Title:
Device to hold paper bag for grass clippings
Kind Code:
A1


Abstract:
The device to hold a bag for grass clippings has an upper section including a hopper integral with a chute having solid walls, and a lower section configured as a caddy for supporting the chute in an upright position. The chute has a pair of wheels for transporting the device, and a pair of toe tabs for lateral stability and for holding the caddy when removing the upper section from a bag of grass clippings. In use, the chute is inverted and a paper bag is placed over the chute. The upper section is turned over to an upright position and placed on the caddy. The hopper may be grasped to tilt the device and wheel it to a desired location. The chute is removed from the bag and the bag is removed from the caddy after bagging the grass clippings.



Inventors:
Klotz, Roy C. (Lyons, IL, US)
Application Number:
10/411856
Publication Date:
11/27/2003
Filing Date:
04/14/2003
Assignee:
KLOTZ ROY C.
Primary Class:
Other Classes:
248/99
International Classes:
B65B67/12; A63B57/00; (IPC1-7): A63B55/04; B65B67/04
View Patent Images:



Primary Examiner:
MORRISON, NASCHICA SANDERS
Attorney, Agent or Firm:
ROY C. KLOTZ (LYONS, IL, US)
Claims:

I claim:



1. A bagging device for loading paper bags with grass clippings and other yard waste, comprising: (a) an upper section having a hopper and a chute integral with said hopper, the upper section forming a funnel for grass clippings, the chute having solid walls defining a tube and having a bottom end; and (b) a lower section, the lower section configured as a caddy defining an opening sized and dimensioned for receiving the bottom end of said chute, the caddy having a pair of wheels; wherein said chute is adapted for placement within an open paper bag in order to hold the paper bag open and protect the bag from tearing, the bottom end of said chute being placed in the opening of said caddy for supporting said upper section in an upright position with the hopper extending above the open paper bag.

Description:

BACKGROUND OF THE INVENTION

[0001] 1. Field of the Invention

[0002] The present invention relates generally to devices for bagging grass clippings and other yard waste, and more specifically to devices for holding paper bags open while bagging grass clippings. The present bagging device may be used to load any type of bag, but is specifically designed to ease loading biodegradable paper bags required by many municipalities for grass clipping disposal.

[0003] 2. Description of the Related Art

[0004] A wide variety of devices are commonly used to bag grass clippings in paper and plastic bags. Devices to hold bags for grass clippings are generally designed to take advantage of limp, flexible properties of plastic bags or the regular form of paper bags. Devices used to hold bags to receive grass clippings include simple devices, such as a single section of folded rigid board, and more complex devises, such as a collapsible wheeled cart with a bag suspended from an interior rim.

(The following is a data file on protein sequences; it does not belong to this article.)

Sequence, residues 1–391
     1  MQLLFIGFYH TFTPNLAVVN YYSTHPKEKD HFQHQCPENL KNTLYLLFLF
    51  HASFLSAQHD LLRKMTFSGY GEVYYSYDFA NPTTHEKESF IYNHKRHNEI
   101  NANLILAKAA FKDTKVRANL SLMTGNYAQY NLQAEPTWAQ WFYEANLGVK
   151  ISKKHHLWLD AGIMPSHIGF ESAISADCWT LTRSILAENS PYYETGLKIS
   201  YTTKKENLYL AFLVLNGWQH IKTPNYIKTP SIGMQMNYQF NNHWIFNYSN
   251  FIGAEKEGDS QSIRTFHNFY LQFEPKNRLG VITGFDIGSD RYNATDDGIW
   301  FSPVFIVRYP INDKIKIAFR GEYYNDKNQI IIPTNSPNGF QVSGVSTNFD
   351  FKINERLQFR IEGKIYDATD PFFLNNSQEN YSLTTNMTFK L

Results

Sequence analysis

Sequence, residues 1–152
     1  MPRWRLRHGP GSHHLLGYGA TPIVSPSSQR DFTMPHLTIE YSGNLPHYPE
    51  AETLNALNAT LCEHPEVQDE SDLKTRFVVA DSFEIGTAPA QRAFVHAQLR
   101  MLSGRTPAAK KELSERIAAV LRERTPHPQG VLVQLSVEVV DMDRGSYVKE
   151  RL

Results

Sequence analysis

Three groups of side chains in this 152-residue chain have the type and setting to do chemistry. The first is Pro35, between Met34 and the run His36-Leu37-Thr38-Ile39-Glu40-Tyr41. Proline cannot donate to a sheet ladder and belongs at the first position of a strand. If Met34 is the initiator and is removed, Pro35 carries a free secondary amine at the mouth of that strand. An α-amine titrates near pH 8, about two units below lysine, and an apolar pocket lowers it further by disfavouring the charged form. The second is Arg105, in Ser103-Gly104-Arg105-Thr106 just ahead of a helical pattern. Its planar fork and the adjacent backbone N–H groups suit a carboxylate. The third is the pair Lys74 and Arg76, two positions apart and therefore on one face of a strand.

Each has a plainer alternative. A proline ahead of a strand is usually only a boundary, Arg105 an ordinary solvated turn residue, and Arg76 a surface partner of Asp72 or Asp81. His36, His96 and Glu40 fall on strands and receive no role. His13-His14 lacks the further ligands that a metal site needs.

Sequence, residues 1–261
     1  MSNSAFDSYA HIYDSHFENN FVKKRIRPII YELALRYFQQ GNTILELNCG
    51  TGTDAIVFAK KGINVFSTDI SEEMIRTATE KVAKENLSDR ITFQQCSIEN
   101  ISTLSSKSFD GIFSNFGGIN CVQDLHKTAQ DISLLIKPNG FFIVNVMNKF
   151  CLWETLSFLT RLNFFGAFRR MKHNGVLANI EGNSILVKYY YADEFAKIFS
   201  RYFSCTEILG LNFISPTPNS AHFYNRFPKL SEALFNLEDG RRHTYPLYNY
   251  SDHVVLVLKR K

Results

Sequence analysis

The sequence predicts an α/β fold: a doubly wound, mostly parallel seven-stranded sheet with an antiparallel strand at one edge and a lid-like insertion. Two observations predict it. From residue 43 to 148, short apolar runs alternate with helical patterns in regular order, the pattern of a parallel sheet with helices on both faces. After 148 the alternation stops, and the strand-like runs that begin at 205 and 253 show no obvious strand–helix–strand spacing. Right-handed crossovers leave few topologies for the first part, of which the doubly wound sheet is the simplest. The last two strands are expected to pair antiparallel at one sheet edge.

[0005] Conventionally, bagging devices hold bags open for loading grass clippings in two ways. Some bagging devices are inserted into the bag before loading and provide an interior framework for holding the bag open. The bag may be held in place by hand or attached to the device with spring-loaded mechanisms, such as clips or clamps. More commonly, bagging devices that are inserted into the bag are held in place by friction between the outwardly pressing sides of the device and the interior sidewalls of the bag.

[0006] The present inventor knows of several bagging devices made of rigid interconnected panels that are intended to be unfolded inside the bag to form an open-ended chute or sleeve of variable circumference. As grass clippings are added, the diameter of the chute expands and presses outwardly against the sidewalls of the bag being filled. Obviously, this is desirable when filling limp, collapsible plastic bags but is not advantageous when filling paper bags likely to tear from the outward pressure exerted by an expanding bagging device.

[0007] A second way bagging devices typically hold bags open is by fixing the edge of the bag opening to a rigid rim that has approximately the same perimeter as the bag opening. The rim can be any convenient shape. Circular and oval rims are more commonly used in devices designed for plastic bags, while rectangular rims are commonly used for devices designed to hold paper bags. Plastic bags are generally held to the rim of these devices with clamps, clips, or dual clamping rims.

[0008] In order to avoid tears and holes in the bag, clips, clamps, and other pinching mechanisms are not widely used as parts of devices intended to hold open paper bags. However, the present inventor knows of a rimmed bagging device designed to hold paper bags open which uses four hinged panels, one along each of the four sides of the rectangular rim. The four panels fold into the open end of the paper bag and nibs on the panels hold the bag in place by pressing small portions of the bag into corresponding sockets along an exterior portion of the rim. However, this method of holding paper bags open for loading grass clippings has not become widely popular.

[0009] A discussion of the related art of which the present inventor is aware, and its differences and distinctions from the present invention, is provided below.